Advanced Digital Design with the Verilog HDL, 2e, is ideal for an advanced course in digital design for seniors and first-year graduate students in electrical engineering, computer engineering, and computer science.
The widely used Verilog hardware description language (IEEE Standard 1364) serves as a common framework supporting the design activities treated in this book, but our focus is on developing, verifying, and synthesizing designs of digital circuits, not on the Verilog language. Most students taking a second course in digital design will be familiar with at least one programming language and will be able to draw on that background in reading this textbook. We cover only the core and most widely used features of Verilog. In order to emphasize using the language in a synthesis-oriented design environment, we have purposely placed many details, features, and explanations of syntax in the Appendices for reference on an "as-needed" basis.
Most entry-level courses in digital design introduce state machines, state-transition graphs, and algorithmic-state machine (ASM) charts. We make heavy use of ASM charts and demonstrate their utility in developing behavioral models of sequential machines. The important problem of designing a finite-state machine to control a complex datapath in a digital machine is treated in-depth with ASMD charts (i.e., ASM charts annotated to display the register operations of the controlled datapath). The design of a reduced instruction-set computer central processing unit (RISC CPU) and other important hardware units are given as examples. Our companion website includes the RISC machine's source code and an assembler that can be used to develop programs for applications. The machine also serves as a starting point for developing a more robust instruction set and architectural variants.
This book is for students in an advanced course in digital design, and for professional engineers interested in learning Verilog by example, in the context of its use in the design flow of modern integrated circuits. The level of presentation is appropriate for seniors and first-year graduate students in electrical engineering, computer engineering, and computer science, as well as for professional engineers who have had an introductory course in logic design. The book presumes a basic background in Boolean algebra and its use in logic circuit design and a familiarity with finite-state machines. Building on this foundation, the book addresses the design of several important circuits used in computer systems, digital signal processing, image processing, data transfer across clock domains, built-in self-test (BIST), and other applications. The book covers the key design problems of modeling, architectural tradeoffs, functional verification, timing analysis, test generation, fault simulation, design for testability, logic synthesis, and postsynthesis verification.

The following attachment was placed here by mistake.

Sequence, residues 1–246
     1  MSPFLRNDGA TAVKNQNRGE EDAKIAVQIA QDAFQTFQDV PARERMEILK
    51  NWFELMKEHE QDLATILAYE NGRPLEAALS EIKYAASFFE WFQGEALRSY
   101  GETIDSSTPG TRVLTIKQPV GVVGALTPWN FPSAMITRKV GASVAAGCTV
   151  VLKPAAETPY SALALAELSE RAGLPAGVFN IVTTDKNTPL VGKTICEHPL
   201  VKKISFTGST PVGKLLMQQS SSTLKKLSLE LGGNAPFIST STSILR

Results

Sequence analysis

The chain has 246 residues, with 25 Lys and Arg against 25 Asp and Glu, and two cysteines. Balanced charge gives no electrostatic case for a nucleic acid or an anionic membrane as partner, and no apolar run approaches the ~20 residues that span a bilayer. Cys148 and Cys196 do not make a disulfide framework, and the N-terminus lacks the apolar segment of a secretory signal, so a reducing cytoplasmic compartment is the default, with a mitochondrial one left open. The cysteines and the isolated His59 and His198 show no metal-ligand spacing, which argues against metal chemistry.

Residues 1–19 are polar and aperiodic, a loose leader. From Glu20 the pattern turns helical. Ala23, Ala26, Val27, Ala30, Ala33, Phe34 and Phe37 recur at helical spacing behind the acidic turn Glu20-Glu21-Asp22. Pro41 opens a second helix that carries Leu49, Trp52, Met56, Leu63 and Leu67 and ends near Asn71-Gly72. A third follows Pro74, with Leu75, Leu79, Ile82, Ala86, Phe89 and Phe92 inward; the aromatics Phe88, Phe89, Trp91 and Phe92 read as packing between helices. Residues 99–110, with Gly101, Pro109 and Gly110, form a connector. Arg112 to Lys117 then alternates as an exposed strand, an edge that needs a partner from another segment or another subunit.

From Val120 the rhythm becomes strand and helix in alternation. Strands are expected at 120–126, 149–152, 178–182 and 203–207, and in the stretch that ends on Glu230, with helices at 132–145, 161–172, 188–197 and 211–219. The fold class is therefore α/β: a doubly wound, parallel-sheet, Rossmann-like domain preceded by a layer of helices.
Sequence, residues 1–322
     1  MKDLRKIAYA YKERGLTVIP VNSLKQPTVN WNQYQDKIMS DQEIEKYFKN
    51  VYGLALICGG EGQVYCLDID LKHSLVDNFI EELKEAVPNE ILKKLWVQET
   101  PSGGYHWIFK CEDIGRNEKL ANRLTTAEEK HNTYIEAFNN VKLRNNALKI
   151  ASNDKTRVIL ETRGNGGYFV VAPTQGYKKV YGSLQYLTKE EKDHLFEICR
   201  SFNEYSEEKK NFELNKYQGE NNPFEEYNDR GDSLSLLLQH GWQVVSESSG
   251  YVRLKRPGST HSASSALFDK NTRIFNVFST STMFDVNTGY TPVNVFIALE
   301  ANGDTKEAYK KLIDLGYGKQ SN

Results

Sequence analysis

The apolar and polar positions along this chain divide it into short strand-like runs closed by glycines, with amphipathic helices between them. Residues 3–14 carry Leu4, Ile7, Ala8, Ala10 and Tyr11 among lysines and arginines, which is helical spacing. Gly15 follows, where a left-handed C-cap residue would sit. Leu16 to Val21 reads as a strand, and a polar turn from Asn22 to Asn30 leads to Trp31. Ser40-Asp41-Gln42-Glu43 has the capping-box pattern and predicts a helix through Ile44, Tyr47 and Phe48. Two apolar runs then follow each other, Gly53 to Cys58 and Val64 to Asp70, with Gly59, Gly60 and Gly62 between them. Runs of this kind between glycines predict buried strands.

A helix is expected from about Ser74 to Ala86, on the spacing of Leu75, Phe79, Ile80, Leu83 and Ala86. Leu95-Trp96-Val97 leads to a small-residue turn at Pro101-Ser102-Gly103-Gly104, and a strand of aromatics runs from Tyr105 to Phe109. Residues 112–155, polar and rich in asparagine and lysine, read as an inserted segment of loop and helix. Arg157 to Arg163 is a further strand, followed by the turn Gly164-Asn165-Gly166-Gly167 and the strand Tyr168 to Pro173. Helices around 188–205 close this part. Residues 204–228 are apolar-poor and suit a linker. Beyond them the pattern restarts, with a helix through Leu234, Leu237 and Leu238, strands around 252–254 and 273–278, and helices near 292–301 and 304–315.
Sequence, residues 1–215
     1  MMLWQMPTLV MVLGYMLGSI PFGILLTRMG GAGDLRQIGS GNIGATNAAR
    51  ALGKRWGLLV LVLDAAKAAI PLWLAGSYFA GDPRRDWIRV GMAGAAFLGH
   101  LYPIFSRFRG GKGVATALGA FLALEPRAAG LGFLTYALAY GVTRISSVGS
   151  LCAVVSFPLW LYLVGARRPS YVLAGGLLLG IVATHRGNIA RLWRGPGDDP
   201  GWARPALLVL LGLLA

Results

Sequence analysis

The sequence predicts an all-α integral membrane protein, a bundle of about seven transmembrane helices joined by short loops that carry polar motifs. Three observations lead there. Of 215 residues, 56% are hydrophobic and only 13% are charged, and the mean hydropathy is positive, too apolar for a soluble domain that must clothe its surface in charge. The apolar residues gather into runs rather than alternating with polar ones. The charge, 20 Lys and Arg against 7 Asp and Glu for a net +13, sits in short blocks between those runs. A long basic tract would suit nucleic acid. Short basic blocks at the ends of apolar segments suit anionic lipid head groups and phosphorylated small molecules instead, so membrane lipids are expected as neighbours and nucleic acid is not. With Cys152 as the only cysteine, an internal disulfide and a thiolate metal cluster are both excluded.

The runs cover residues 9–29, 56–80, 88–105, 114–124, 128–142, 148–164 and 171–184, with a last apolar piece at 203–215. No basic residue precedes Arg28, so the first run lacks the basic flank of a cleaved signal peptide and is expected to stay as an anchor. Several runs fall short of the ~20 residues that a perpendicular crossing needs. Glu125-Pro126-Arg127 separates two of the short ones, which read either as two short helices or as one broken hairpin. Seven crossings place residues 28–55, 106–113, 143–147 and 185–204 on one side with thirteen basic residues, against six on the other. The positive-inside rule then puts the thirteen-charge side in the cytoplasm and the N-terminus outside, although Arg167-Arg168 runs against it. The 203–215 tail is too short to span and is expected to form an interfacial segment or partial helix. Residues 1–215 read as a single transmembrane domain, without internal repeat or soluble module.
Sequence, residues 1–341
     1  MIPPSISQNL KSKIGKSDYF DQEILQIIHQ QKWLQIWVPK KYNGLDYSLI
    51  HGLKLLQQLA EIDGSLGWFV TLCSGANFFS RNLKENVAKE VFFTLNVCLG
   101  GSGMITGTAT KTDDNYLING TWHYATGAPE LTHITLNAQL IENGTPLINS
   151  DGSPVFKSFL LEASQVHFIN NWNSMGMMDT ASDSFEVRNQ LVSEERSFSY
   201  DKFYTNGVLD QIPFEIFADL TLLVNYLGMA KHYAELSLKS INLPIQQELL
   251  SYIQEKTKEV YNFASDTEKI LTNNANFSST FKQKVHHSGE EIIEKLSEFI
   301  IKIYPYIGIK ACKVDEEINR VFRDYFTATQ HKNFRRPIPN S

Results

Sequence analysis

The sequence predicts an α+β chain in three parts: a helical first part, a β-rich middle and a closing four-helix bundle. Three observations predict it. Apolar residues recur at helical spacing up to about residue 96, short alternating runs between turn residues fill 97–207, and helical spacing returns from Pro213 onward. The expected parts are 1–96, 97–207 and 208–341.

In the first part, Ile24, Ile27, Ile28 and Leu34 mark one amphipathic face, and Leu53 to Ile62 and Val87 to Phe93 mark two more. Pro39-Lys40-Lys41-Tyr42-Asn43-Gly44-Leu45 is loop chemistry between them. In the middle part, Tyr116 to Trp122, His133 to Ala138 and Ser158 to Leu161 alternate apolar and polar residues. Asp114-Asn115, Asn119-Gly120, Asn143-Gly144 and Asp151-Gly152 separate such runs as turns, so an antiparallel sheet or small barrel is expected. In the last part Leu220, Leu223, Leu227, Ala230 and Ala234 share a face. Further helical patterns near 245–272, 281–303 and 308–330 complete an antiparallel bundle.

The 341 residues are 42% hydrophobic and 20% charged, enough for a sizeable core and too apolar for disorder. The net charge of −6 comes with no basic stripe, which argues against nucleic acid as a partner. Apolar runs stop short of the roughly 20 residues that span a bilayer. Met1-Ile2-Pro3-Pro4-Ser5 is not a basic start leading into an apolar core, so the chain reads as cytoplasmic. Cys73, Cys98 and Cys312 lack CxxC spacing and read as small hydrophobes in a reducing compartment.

Chapter 1 briefly discusses the role of HDLs in design flows for cell-based ASICs and FPGAs. Chapters 2 and 3 review mainstream topics that would be covered in a first course in digital design, using classical methods (i.e. Karnaugh maps). This material will refresh the reader's background, and the examples will be used later to introduce HDL-based methods of design. Chapters 4 and 5 introduce modeling of combinational and sequential logic with the Verilog HDL, and place emphasis on coding styles that are used in behavioral modeling. Chapter 6 addresses cell-based synthesis of ASICs, and introduces synthesis of combinational and sequential logic. Here we pursue two main objectives: (1) present synthesis-friendly coding styles, and (2) form a foundation that will enable the reader to anticipate the results of synthesis, especially when synthesizing sequential machines. Many sequential machines are partitioned into a datapath and a controller. Chapter 7 covers examples that illustrate how to design a controller for a datapath. The designs of a simple RISC CPU and a UART serve as platforms for the subject matter. Chapter 8 covers PLDs, complex PLDs (CPLDs), ROMs, and static random-access memories (SRAMs), then expands the synthesis target to include FPGAs. Verilog has been used extensively to design computers and signal processors. Chapter 9 treats the modeling and synthesis of computational units and algorithms found in computer architectures, digital filters, and other processors. Chapter 10 develops and refines algorithms and architectures for the arithmetic units of digital machines. In Chapter 11 we use the Verilog HDL in conjunction with fault simulators and timing analyzers to revisit a selection of previously designed machines and consider performance/timing issues and testability...
Michael Ciletti is Professor Emeritus in the Department of Electrical and Computer Engineering at the University of Colorado, Colorado Springs. His areas of interest include Modeling, synthesis and verification of digital systems with hardware description languages, system-level design languages, and embedded systems with FPGAs.
1. Provides a brief review of basic principles in combinational and sequential logic2. Focuses on modern digital design methodology3. Demonstrates the utility of ASM and ASMD charts for behavioral modeling4. Clearly distinguishes between synthesizable and nonsynthesizable loops 5. Provides several problems with a wide range of difficulty after each chapter6. Combines a solution manual with an on-line repository of additional worked exercises 2b1af7f3a8